The Labuk Bay Proboscis Monkey Sanctuary in Sandakan is an admirable venture by an Oil Palm Plantation company to ensure that the original inhabitants of the area have a place to stay. Plantations are hardly conducive as a living area for animals, so they have segregated some 260 hectares of land for the animals there to live in.
The inhabitants include the pig-tailed macaque and long-tailed macaque, orang utans and several species of birds and other little animals such as lizards and iguana and of course the Proboscis Monkey.
This is a place where you don’t need to tiptoe in the jungle hoping to sight a family of these arboreal creatures without disturbing them. In fact, as you move into the sanctuary one can see them chilling on a branch of a tree or casually going from branch to branch. The population of these primates in the designated area is about 300 or more. This number is added on by 10 to 20 young ones a year, so it could be more than that.
Michael Lee Hing Huat, the owner shared that they have about 1000 hectares of Oil Palm Plantation there. They however didn’t want to deprive the wildlife there of their Mangrove home, thus the segregation.
According to him, in 1997, after they acquired the land, they set about clearing it. They had engaged several workers to do the job for them. The workers went to work very early but before they left, they kneaded flour to make into pancakes when they returned for their coffee break.
However, they had a shock one day to find out that their dough was missing. They surmised that someone must have stolen it and monitored the situation for a few days. They found out that Proboscis Monkeys had entered the house and stolen the dough. So, they set up a trap for the primates, which was a success, as they saw the red-haired creature staring at them when next they looked into their trap. They showed the monkey to their boss, Lee’s late brother, who was quite amazed with the catch. It was later confirmed that the primate was a Proboscis monkey.
“We realised that the Monkeys encroached into human dwelling as they were finding it hard to find food. The severe drought brought about by El Nino had impacted on their food source badly. To boot it all we had encroached into their natural habitat. They had no choice but to steal food,” Lee said adding that this prompt their next decision that resulted into the sanctuary they have today.
“We decided to leave that area alone for the proboscis monkeys to ensure that they still have their dwelling place even as we developed the land adjacent to this area.”
The two workers who caught the monkey was later assigned to specifically look after the primates.
“They went inside the jungle to survey their population and also to construct a five-feet-high platform to feed the monkeys. However, as time goes by, the raised platform was gradually lowered for the convenience of the monkeys and the workers. Soon, the monkeys felt safe and began to come out in numbers.”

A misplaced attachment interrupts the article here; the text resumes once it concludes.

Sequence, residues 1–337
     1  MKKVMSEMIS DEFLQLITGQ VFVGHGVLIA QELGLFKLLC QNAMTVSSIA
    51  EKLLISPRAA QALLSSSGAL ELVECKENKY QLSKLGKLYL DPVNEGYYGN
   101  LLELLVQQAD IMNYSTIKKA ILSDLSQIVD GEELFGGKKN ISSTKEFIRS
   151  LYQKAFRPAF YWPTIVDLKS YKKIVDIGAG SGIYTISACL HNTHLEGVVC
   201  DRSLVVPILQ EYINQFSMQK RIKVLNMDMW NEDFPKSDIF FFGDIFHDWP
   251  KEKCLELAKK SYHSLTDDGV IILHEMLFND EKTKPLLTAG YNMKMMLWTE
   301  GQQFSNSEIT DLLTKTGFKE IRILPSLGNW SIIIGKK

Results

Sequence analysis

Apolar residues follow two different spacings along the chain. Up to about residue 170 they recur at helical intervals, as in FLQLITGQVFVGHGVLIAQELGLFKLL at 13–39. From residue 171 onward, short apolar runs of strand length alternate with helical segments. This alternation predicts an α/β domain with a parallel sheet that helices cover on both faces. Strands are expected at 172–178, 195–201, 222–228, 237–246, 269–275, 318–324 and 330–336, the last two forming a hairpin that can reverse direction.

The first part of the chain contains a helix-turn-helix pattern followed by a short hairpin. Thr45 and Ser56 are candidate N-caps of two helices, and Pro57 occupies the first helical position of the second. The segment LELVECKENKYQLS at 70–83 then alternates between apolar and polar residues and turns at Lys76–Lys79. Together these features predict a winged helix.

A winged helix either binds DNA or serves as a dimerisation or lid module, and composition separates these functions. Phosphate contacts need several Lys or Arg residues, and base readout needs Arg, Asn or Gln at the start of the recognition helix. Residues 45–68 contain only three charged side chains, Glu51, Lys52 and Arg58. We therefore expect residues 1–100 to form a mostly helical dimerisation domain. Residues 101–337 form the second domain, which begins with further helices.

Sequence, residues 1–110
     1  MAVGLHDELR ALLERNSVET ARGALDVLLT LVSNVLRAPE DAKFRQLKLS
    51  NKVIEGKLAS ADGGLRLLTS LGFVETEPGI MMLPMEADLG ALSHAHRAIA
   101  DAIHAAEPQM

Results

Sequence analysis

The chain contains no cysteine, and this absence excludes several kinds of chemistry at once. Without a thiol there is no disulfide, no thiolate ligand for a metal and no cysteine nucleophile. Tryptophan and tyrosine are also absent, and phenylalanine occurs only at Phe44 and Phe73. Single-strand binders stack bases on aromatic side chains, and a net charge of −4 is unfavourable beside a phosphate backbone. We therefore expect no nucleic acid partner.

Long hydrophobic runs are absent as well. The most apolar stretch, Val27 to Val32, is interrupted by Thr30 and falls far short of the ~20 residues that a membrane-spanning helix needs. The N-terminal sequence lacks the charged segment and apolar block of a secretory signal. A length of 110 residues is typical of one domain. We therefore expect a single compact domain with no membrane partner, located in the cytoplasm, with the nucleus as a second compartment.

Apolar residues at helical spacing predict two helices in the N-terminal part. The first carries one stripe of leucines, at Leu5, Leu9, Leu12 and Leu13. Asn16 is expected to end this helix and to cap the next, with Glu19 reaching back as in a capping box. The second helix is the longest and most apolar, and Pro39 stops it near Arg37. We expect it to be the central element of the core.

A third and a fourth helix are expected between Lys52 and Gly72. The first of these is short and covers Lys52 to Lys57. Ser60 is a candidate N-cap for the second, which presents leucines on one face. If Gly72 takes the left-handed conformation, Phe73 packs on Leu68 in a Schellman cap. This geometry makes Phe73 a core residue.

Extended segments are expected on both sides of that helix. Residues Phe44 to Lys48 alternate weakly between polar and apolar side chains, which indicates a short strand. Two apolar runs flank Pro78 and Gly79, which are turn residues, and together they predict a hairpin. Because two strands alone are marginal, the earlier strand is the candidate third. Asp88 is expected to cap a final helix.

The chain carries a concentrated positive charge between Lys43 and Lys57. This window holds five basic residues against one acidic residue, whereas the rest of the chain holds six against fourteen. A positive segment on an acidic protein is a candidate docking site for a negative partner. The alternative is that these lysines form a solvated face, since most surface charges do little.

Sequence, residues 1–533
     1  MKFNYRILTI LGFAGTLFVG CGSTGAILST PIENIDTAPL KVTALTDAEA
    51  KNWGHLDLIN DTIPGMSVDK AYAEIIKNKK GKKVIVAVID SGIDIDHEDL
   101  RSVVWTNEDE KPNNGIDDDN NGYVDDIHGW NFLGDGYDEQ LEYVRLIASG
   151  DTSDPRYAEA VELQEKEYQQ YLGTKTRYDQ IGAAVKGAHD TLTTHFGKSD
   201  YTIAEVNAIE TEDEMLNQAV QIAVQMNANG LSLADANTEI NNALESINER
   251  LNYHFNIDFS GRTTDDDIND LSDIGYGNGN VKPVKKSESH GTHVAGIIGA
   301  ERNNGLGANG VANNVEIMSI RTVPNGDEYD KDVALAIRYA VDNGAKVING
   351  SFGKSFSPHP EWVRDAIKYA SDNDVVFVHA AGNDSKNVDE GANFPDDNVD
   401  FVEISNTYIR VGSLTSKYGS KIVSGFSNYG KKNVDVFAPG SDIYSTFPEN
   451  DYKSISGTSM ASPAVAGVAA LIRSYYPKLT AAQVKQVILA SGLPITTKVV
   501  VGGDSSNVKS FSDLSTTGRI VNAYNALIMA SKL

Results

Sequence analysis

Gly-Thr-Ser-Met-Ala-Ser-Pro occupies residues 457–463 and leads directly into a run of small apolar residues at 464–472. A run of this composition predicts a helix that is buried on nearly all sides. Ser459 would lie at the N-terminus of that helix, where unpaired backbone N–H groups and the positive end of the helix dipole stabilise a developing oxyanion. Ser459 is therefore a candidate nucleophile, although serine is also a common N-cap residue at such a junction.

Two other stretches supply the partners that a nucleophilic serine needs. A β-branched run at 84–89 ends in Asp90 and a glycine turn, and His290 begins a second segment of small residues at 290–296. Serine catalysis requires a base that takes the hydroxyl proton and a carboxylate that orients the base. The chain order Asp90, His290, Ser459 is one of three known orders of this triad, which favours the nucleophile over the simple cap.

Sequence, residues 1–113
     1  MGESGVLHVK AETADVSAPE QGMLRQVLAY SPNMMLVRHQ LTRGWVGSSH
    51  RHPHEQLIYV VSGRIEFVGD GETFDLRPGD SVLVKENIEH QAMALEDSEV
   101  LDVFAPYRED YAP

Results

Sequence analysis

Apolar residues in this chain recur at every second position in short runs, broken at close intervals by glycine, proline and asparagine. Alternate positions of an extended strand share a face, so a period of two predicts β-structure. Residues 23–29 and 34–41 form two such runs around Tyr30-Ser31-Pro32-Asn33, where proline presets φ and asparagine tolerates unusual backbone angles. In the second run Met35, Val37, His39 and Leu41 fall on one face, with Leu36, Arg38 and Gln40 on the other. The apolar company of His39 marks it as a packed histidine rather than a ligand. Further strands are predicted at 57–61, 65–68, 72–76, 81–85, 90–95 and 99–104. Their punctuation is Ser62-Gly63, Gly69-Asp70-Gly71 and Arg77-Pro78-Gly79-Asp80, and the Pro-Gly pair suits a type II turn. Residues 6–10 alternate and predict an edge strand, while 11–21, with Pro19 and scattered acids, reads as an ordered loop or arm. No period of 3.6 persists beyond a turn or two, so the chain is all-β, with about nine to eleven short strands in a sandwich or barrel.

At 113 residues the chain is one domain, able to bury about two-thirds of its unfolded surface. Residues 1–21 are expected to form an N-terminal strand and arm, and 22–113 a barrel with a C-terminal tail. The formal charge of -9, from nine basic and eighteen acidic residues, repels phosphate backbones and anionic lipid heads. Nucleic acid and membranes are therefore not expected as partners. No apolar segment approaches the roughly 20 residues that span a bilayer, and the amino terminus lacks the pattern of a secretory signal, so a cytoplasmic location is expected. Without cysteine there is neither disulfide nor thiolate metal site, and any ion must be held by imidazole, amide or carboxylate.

By that time, Lee had constructed a building and observation balcony there as well as low feeding platforms for the primates to dine on.
“We are still feeding the primates, although it is more like a supplement for them. Not everyone come to feed at the platform. We may see about thirty or forty coming to the platform and eat. Sometimes more, but not all of them come. So, it’s more of a supplement for their natural food. There are four feeding hours for them and for visitors to see. Feeding time are 9.30am and 2.30pm at platform A, and 11.30am and 4.30pm at platform B. Both the platforms are located 1.1-kilometre apart.”
The proboscis monkeys are not the only group to enjoy the sanctuary though; there are dozens of silver langur famously known as ‘David Beckham’ (England football player) due to its spiky hairstyle.
“The silver langurs actually follow the proboscis monkeys to the feeding platform so we give them long beans, a supplement to keep them healthy,” Lee said.
In fact, during my visit they were languishing on the floor of the lookout area, sitting on tables and shelves as well as on the balustrades. They were not shy at all. A baby was seen running from one adult to the other.
Other primates spotted include the pig-tailed macaque and long-tailed macaque.
The orang utans saunter by sometimes to look for ripe fruits, he added.
Labuk Bay is quite famous among tourists, both domestic and foreign, as I could see tourists milling around during feeding time.
Lee doesn’t believe in resting on his laurel though; they purchased an additional 17-hectare land from a neighbouring landowner to ensure that these primates have ample place to stay.
“The owner had cleared the land off Mangrove in the past to make way for their Oil Palm plantation. I believe the primates did visit this area once. So, what we will do is replant mangrove on the land. Hopefully when the mangrove grows, the wildlife will return,” he shared.
He is also very keen to get volunteers to plant mangrove in the piece of land and hoped that there would takers, especially among school children, as it could be very educational for them.
“It will enable them to learn about conservation as well as acquire knowledge on the main function of the mangrove swamps,” he said.
For those who wish to plant mangrove trees, or watch the primates feeding, they can also stay overnight as there are six units of timber chalets with air-conditioning that can fit between 20 and 30 persons as well as two dormitories that can cater for up to 40-60 people.
To get there, travel to Samawang Village at Labuk Bay, Sandakan; it is 38km away from the airport and takes about an hour to get there. Or drive from Kota Kinabalu the State Capital. It is about 302 kilometres away and will take six hours drive. More information can be acquired from 089 672 133.-AV/BNN